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By Brian Robinson

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Marines go GREENS for battlefield power

That’s GREENS as in Ground Renewable Expeditionary Energy System (do people come up with the names or the acronyms for these things first?). And it’s a testament to the way technology rules much of current warfighting. In the “old” days, Marines had to make do with no more than a radio, a paper map and a compass. These days you’re talking about multi-channel digital radios, hi-def displays, real-time video links to unmanned aerial vehicles and much else left only to the imagination.

You can’t do that without power. So the Office of Naval Research has come up with a highly portable photovoltaic/battery system that Marine units can take into the field with them. Apart from the obvious advantage of providing continuous power in sun-drenched areas such as Iraq and Afghanistan, ONR is also touting the new system as a way of cutting down on hazardous fuel resupply missions that would otherwise have to be launched to keep Marine generators running.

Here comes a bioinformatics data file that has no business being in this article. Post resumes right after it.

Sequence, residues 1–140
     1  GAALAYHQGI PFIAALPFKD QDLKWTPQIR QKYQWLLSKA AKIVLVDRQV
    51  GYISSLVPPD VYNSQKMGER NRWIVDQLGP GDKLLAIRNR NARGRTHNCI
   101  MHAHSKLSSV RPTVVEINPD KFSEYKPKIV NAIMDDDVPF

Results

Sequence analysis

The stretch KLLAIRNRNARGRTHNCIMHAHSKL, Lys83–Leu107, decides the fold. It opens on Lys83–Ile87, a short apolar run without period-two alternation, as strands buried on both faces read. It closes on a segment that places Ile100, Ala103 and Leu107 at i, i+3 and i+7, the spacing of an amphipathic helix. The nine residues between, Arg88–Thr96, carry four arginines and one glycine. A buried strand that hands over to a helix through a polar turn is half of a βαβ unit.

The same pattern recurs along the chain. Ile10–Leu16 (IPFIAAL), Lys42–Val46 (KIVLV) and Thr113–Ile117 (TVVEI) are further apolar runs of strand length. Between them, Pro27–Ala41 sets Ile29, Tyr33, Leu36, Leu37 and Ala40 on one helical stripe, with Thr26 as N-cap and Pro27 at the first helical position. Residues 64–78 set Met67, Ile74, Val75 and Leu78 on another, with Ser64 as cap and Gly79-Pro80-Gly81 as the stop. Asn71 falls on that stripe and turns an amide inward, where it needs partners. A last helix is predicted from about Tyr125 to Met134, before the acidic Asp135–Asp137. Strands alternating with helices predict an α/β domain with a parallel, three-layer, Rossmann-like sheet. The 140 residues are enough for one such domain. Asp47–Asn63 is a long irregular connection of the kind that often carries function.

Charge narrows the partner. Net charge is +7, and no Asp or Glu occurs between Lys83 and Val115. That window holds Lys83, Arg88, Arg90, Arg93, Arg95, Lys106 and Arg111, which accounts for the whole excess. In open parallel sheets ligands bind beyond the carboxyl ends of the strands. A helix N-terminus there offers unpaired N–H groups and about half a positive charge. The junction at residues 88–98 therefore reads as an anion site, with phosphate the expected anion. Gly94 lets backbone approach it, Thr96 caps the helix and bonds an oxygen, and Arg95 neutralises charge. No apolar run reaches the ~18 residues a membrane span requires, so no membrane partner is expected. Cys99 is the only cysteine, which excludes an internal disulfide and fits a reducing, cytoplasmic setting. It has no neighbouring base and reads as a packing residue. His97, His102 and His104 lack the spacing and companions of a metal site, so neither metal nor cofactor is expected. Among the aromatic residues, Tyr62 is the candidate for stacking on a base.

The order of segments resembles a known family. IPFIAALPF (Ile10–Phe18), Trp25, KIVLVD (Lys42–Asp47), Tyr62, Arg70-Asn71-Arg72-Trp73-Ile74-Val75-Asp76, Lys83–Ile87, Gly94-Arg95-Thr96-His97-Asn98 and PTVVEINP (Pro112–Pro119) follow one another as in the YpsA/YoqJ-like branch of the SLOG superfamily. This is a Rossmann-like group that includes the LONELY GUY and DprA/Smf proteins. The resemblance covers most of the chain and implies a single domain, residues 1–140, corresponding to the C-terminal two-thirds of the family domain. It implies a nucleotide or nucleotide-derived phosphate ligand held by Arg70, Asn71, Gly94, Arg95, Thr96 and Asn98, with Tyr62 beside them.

Also interesting is the fact that GREENS resulted from an expedited development process, taking just a year from concept to contract solicitation. The military has been pushing for these kind of fast-turnaround processes to counter the faster-paced developments of today’s asymmetric warfare.

Posted by Brian Robinson on Jan 06, 2010 at 12:19 PM

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In the latest issue: Looking back on three decades of big stories in federal IT.


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